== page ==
The Associated Press reported Tuesday that the Giants canceled Correa’s press conference over medical concerns, and a person familiar with Correa’s situation said the Giants resigned over a doctors disagreement — though the details of those opinions and the exact medical concerns involved were not immediately available. Correa’s deal with the Mets is also pending investigation, and New York’s front office isn’t exactly known for turning a blind eye to medical concerns either. But if that deal goes through, they will add a second premiere shortstop to a lineup that already features Francisco Lindor.
According to a person familiar with the situation, Correa is expected to play at third base. Two of the best shortstops to ever come out of Puerto Rico, he and Lindor are more than familiar and, on the surface at least, seem to share a mutual respect. They now seem likely to share a city, a uniform, and an ultra-rich boss who has pledged the duo more than $650 million over the next decade.
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Correa’s deal will net him about $26 million annually, about what the Giants deal would have paid him annually, albeit less guaranteed. This Giants deal made Correa the highest-paid shortstop in baseball history in terms of total money guaranteed. The Mets deal could make him one of the better-paid third basemen in baseball history when the dust settles.
But specifically for Major League Baseball as a whole, that $26 million annually will push the Mets’ payroll to about $380 million for competitive accounting tax purposes. Not only is that number outrageous, even by New York baseball’s lavish standards, but it will ultimately come with more than $90 million in tax revenue. If Cohen quits now, he’ll spend nearly half a billion dollars on the 2023 New York Mets — or about what the Pittsburgh Pirates have spent on their entire rosters since 2016. highest opening-day payroll and tax bill of around $290 million slated for 2023 early Wednesday morning. Your projected tax bill is less than $30 million.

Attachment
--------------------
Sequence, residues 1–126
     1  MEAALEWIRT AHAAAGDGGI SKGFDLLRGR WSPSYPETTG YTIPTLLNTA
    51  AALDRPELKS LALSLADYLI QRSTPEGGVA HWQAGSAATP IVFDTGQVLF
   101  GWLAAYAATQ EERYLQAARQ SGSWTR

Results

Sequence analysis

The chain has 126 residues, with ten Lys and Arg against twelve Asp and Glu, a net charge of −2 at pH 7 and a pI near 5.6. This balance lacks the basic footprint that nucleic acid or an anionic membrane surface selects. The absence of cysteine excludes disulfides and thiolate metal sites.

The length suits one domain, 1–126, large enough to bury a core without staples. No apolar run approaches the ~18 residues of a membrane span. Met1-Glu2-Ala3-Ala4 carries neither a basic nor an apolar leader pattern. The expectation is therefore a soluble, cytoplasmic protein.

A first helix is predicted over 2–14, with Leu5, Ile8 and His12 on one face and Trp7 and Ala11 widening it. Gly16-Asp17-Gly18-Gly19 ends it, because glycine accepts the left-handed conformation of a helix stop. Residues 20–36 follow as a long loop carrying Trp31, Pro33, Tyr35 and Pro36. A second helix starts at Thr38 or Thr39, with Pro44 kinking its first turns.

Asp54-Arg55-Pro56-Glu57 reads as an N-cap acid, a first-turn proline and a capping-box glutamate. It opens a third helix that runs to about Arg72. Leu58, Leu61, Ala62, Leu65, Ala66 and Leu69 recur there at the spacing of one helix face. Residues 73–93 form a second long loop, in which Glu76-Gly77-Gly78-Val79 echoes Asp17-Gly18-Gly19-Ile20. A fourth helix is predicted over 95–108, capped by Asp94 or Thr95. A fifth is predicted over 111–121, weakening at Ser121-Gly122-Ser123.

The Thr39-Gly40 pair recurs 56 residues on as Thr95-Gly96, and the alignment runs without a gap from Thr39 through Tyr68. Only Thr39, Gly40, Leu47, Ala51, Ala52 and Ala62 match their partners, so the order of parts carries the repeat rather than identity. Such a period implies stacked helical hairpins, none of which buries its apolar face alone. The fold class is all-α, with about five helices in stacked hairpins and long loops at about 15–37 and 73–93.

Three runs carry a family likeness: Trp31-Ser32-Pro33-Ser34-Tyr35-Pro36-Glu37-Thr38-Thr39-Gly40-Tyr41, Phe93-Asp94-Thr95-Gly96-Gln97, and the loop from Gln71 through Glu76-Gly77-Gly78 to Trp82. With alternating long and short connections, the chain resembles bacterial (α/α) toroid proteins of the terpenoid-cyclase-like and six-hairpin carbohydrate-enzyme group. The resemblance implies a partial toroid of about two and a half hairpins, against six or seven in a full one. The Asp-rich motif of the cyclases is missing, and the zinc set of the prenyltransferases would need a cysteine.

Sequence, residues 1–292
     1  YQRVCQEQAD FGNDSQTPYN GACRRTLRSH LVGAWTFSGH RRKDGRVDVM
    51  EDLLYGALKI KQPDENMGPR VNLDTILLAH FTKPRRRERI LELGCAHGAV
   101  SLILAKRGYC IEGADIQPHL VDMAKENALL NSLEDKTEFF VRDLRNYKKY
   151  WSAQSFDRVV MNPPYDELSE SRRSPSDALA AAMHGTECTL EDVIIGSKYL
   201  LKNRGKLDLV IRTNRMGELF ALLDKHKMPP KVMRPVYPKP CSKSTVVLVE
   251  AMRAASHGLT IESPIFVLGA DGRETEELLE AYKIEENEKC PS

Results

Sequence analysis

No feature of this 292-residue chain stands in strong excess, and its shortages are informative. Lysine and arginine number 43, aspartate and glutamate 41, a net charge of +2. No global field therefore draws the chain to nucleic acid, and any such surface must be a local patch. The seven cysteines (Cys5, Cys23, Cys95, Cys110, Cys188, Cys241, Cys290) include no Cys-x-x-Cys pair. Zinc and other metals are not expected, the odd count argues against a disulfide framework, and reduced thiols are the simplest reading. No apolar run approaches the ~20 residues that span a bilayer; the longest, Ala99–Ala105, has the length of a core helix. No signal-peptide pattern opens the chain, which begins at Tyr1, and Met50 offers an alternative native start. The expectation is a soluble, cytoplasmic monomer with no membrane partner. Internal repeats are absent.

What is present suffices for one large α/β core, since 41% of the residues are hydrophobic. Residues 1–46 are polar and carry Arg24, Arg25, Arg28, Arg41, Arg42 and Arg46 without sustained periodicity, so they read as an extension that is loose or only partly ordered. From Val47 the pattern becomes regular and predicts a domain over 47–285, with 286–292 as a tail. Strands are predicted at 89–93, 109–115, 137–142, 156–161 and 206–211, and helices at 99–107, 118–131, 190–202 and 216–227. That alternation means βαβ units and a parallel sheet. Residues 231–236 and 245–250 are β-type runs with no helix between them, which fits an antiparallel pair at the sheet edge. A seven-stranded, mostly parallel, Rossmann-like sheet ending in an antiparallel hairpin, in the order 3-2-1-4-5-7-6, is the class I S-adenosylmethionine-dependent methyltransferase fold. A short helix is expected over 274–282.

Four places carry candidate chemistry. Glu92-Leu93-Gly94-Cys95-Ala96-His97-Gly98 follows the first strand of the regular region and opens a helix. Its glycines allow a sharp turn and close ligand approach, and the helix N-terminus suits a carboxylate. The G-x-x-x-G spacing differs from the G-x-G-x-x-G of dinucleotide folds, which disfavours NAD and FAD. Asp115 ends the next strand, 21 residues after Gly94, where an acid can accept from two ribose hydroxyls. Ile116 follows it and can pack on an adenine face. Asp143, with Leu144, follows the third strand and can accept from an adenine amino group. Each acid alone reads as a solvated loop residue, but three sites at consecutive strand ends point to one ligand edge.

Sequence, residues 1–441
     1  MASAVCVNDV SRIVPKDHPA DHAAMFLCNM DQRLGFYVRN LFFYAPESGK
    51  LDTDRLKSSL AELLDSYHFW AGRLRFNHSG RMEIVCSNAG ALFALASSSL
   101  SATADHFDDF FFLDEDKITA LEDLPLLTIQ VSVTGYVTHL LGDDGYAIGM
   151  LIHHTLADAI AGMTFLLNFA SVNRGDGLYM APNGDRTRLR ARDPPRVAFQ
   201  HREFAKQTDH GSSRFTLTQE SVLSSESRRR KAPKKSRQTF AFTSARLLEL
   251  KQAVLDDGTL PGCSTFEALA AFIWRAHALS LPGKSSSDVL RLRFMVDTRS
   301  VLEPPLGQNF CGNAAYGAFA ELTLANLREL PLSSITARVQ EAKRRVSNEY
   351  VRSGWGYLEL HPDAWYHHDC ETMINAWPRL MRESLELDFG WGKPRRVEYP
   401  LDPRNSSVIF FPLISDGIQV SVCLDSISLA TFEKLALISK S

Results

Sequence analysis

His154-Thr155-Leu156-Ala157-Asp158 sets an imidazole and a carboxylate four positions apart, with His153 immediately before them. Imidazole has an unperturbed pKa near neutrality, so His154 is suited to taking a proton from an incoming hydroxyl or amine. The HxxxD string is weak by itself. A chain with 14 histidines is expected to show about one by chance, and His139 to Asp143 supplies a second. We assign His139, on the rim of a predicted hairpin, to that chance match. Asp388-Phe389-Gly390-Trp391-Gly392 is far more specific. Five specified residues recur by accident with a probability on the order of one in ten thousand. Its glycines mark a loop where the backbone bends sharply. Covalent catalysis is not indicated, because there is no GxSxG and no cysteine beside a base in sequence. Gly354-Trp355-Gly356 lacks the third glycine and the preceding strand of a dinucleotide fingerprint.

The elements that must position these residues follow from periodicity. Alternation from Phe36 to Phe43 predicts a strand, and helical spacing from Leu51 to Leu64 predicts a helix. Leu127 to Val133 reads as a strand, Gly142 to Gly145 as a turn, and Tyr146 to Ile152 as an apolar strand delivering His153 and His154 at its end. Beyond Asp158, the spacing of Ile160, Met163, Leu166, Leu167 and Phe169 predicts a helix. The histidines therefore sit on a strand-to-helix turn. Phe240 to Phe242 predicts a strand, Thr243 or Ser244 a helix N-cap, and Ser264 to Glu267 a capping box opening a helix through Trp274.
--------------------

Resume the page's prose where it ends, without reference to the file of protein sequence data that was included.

Ironically, it had only been nine months since New York Mets ace Max Scherzer and Major League Baseball Players Association leadership urged union members not to vote for a collective bargaining agreement they felt was specifically aimed at it aims to stop Cohen from spending that much money. That deal, which her peers eventually agreed to, included an unprecedented fourth-tier competitive balance sheet tax threshold that became known as the “Cohen Tax.”
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Previous collective agreements contained only three tax thresholds, with progressively higher penalties for exceeding them. By implementing a fourth, Cohen’s less wasteful peers hoped to stop anyone from doing what some have dubbed “spending sprawl,” which could theoretically force everyone else to spend more to keep up. This year’s Cohen threshold has been set at around $290 million. He flew right past it.
If the deal goes official and a few extra caveats can be forgiven given the dissolution of Correa’s Giants tenure, the Mets will be the star-studded lineup in a loaded division that has many of them. The National League Champion Phillies added Trea Turner, Taijuan Walker and more to their already proven October crew. 2021 World Series champion Atlanta Braves traded for one of the better catchers available before running Dansby Swanson to the Chicago Cubs.
But in the last week alone, the Mets brought in Justin Verlander and Japanese starter Kodai Senga to join Max Scherzer in a veteran rotation. They’ve already jailed old friends Edwin Diaz and Brandon Nimmo for deals worth more than $100 million each. Their lineup continues to consist of thug Pete Alonso, troublesome title contender Jeff McNeil and veterans Starling Marte, Mark Canha and Eduardo Escobar from a group that nearly beat Atlanta to the National League East title in 2022. This 2022 lineup lacked power. Correa, who debuted in the big leagues at the age of 20, has hit at least 20 home runs in six of his eight seasons in the big league.
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Free-agent deals like this always seem to get leaked before the physical exam is complete. The common understanding between executives, agents and players boils down to the assumption that for elite athletes at this level – especially non-pitchers – the physical exams are a formality. But it’s worth noting again that Correa still hasn’t passed his Mets exam, even though his old team, the Minnesota Twins, reportedly offered a franchise recording contract just a week ago.
Back then, Correa seemed destined to be the brightest star in San Francisco since Buster Posey, maybe even Barry Bonds. Back then, he seemed like just the kind of player who could soften the blow for the Giants, who fell short in their much-discussed pursuit of California native Judge. On Tuesday, the Giants should introduce this star to a rejuvenated fan base. On Wednesday, they will watch the Yankees introduce Judge at a press conference still scheduled for early this morning.